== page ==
Kelly Davidson Savage shot the entire thing herself (on a 5D MKIII). I think she was behind the camera about 16 hours a day and even after hours of challenges and full days of hard work, she ensured that every single shot came off the best that it possibly could. She helped coordinate lighting, blocking, and just about everything related to the frame that we needed to make this film happen.

Joel Edinberg handled LONG days of recording sound. He did almost all of the boom work too. It was quite a massive task for one person and he was patient and endured many arm pains to make it happen. He also made a fine dance remix of the religious fanatic’s speech about which animals thou art permitted to eat. Keep your ears open for that!

David Joseph Clarke helped plan the schedule, keep things moving smoothly and pick up whatever we needed at the moment, whether it was handling script, slating, behind-the-scenes shooting, or helping to coordinate the tremendous cleanup project at the end of the shoot. We might still be in Rhode Island picking up otherwise!
Pearl Lung handled make-up for the cast, helped tremendously with continuity (taking lots of continuity photos and pointing out issues), and picked up helping with planning, scheduling, organizing, and art design (we had no formal art department!) in order to help make sure the whole thing got done. Pearl was always around (and awake!), ready to jump in and help with whatever we were short on for the moment.

Danielle Myers, officially the gaffer/electrical, helped ensure that we had power where and when we needed it. I am insanely proud to say that even in a house with normal 200A electrical service with 15A breakers (no generator was used on the shoot), even when we needed as much as 4000W of power at a time, we did not flip a single breaker during the entire principal location shoot. This is quite an accomplishment. Danielle also helped with art, slating, and just about anything else you can think of.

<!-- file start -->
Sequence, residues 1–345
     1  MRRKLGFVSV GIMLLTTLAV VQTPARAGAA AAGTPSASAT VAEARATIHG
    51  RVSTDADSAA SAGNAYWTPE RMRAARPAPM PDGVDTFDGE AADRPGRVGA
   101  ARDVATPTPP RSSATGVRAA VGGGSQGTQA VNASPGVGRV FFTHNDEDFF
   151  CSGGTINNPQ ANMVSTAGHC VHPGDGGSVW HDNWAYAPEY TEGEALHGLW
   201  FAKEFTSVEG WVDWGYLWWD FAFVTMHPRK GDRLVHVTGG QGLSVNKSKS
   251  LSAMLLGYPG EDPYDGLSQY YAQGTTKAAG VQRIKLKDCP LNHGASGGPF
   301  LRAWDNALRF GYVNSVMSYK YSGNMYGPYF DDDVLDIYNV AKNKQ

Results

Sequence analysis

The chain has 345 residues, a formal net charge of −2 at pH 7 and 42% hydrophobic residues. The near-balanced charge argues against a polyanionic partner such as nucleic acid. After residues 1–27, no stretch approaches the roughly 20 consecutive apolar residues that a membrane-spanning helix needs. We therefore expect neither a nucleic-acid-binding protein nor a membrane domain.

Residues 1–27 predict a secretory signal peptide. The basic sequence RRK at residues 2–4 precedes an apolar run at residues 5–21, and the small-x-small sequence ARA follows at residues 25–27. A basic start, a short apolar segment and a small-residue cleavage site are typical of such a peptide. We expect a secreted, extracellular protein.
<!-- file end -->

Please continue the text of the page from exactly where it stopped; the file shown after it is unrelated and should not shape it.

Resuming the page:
Catherine Capozzi was the greatest general PA a film could have. She did store runs for us every day. She brought us food and drinks so we could keep moving. She slated. She provided moral support and counseling for us all as we struggled with the pressures of the long hours and challenging production moments. Her role was general, but I can’t even express how valuable she was in holding the whole thing together. I am pretty sure that we would have all collapsed and given up by day 3 if not for her contributions.

Rachel Leah Blumenthal was not involved so much as crew in production, but she led the effort to do all of the documentation, behind-the-scenes photography, interviews, Kickstarter reward documentation, and other things that needed to be done simultaneous to production. You can thank Rachel for every bit of insight you got into our process and our minds during that process. This would not have been possible without Rachel’s work and you’ll be seeing a whole lot more of it over the coming weeks.


Rather than a breakdown here, I’ll cover each of the cast members as I go through the amazing performances each day. I’ll highlight each of their shining moments and features within the ensemble film.

The TEN days of shooting:
Day 1, December 4, 2012 – Wingaersheek Beach – Gloucester, MA
Day 2, December 6, 2012 – Beach Mansion – Barrington, RI
Day 3, December 7, 2012 – Beach Mansion – Barrington, RI
Day 4, December 8, 2012 – Beach Mansion – Barrington, RI
Day 5, December 9, 2012 – Beach Mansion – Barrington, RI
Day 6, December 10, 2012 – Beach Mansion – Barrington, RI
Day 7, December 11, 2012 – Beach Mansion – Barrington, RI
Day 8, December 12, 2012 – Beach Mansion – Barrington, RI
Day 9, December 13, 2012 – Beach Mansion – Barrington, RI
Day 10, December 14, 2012 – – Somerville, MA
Extra Inserts/Pickups Day, March 3, 2013 – Sophia Cacciola’s House of Wax – Somerville, MA